Moreover, the film seems unwilling to actually accuse the industry as a whole of cowardice, instead pinning most of the blame on a handful of right-wing zealots like John Wayne (an unconvincing David James Elliott, JAG) and Hedda Hopper (Helen Mirren, The Queen). To be sure, Wayne and Hopper were vocal supporters of HUAC and played their part in promoting HUAC's goals, but it seems disingenuous to paint the two of them as vile monsters and to paint all of the directors, studio bosses and producers as innocent, well-meaning victims of circumstance.

The industry's spinelessness is quietly swept under the rug, but the movie is eager to celebrate the “heroic” figures who dared to openly hire Trumbo after the writer spent more than a decade on the blacklist. Look at Kirk Douglas (Dean O'Gorman, The Hobbit: An Unexpected Journey), bravely defying the producers who advise him not to give Trumbo any official credit for Spartacus. Look at Otto Preminger (Christian Berkel, Inglorious Basterds), boldly strolling right up to Trumbo's front door and making a job offer. These things did indeed happen, but such decent gestures pale in contrast to the fact that no one in power had the nerve to defy HUAC's wishes for more than a decade.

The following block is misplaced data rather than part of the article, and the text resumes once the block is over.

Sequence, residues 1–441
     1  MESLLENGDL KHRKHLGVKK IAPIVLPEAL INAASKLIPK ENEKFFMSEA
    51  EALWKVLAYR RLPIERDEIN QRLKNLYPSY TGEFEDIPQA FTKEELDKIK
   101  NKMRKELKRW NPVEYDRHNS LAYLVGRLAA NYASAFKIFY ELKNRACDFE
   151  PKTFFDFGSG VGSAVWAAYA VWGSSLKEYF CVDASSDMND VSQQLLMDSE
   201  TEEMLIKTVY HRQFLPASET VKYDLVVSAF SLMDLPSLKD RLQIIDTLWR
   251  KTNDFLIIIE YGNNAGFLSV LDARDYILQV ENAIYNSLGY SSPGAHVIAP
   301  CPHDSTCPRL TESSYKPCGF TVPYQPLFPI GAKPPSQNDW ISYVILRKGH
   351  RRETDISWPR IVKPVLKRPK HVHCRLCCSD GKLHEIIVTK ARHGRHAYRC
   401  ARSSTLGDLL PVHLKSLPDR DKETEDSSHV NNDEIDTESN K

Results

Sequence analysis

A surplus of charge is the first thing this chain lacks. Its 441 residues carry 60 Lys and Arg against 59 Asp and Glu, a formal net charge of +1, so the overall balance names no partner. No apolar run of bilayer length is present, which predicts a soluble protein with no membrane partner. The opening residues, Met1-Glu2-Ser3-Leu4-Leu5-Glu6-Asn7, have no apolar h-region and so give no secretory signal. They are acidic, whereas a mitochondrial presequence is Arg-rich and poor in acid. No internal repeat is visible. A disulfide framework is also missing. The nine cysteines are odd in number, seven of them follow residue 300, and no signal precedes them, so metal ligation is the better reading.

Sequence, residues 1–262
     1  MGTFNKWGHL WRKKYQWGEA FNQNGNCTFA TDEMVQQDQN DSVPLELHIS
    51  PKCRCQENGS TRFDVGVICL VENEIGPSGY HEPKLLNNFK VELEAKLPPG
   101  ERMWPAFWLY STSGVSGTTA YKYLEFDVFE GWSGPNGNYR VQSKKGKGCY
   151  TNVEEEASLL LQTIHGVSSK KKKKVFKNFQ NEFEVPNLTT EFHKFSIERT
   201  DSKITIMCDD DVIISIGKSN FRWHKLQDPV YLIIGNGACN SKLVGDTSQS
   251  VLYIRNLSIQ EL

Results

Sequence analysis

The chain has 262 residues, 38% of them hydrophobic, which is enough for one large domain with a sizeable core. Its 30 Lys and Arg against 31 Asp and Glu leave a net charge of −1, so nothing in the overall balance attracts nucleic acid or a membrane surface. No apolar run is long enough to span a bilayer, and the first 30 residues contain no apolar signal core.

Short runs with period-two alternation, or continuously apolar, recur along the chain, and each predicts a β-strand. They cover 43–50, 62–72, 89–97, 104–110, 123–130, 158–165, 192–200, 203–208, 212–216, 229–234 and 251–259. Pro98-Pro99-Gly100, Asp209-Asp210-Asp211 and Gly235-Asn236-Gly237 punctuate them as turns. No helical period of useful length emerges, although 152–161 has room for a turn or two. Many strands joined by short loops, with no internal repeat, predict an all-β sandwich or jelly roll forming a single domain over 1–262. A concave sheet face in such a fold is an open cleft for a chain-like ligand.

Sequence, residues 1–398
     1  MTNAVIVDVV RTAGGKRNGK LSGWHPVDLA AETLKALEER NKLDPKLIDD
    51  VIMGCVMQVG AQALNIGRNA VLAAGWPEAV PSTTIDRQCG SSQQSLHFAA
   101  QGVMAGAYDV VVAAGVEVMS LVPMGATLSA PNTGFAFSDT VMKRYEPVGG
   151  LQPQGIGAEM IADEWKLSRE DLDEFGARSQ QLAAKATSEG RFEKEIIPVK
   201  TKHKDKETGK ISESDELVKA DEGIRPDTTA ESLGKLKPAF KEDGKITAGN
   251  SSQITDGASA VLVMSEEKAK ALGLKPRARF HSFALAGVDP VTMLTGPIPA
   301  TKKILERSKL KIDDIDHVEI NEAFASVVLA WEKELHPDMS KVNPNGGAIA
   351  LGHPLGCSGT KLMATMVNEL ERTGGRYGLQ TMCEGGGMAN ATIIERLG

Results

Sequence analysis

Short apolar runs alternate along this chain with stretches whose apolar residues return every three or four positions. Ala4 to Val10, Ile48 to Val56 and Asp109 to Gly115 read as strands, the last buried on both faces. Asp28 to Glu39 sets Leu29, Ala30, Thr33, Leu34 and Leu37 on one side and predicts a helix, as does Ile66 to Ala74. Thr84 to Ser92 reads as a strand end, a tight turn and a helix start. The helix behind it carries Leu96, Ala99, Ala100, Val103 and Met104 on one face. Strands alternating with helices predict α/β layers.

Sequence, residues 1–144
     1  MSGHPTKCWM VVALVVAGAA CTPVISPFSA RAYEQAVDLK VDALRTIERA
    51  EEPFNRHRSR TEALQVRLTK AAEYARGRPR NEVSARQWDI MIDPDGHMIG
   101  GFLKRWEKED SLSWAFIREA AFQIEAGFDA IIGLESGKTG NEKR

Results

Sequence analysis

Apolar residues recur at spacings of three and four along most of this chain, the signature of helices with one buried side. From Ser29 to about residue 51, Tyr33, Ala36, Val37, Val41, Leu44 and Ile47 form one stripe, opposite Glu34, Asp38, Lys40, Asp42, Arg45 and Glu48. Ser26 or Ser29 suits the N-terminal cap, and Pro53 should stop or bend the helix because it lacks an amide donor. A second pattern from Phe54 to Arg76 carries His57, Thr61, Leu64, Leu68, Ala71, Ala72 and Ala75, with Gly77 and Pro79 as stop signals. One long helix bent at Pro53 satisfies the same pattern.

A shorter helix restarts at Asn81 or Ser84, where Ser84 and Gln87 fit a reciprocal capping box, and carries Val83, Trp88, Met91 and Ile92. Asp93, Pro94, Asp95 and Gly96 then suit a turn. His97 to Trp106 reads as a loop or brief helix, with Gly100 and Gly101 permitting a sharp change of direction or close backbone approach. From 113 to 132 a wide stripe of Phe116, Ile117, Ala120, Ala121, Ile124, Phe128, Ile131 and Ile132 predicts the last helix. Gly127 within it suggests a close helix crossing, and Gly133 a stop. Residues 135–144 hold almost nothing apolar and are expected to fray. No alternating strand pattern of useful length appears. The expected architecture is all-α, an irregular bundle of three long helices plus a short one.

These wrong-headed storytelling decisions are made even more aggravating by the film's surprisingly poor craftsmanship. Roach has done decent work making political dramas for HBO (I liked Recount quite a bit), but a lot of scenes in Trumbo feel like the barely-competent work of someone who is just learning how to put a movie together. On many occasions, it looks like a TV movie that was completed on a very tight deadline. The screenplay (by TV screenwriter John McNamara) is even worse, filled to the brim with scenes that talk down to the audience, clumsy exposition and incredibly clunky character introductions (more than once, characters introduce themselves by stating their name and profession, as if they're contestants on a gameshow).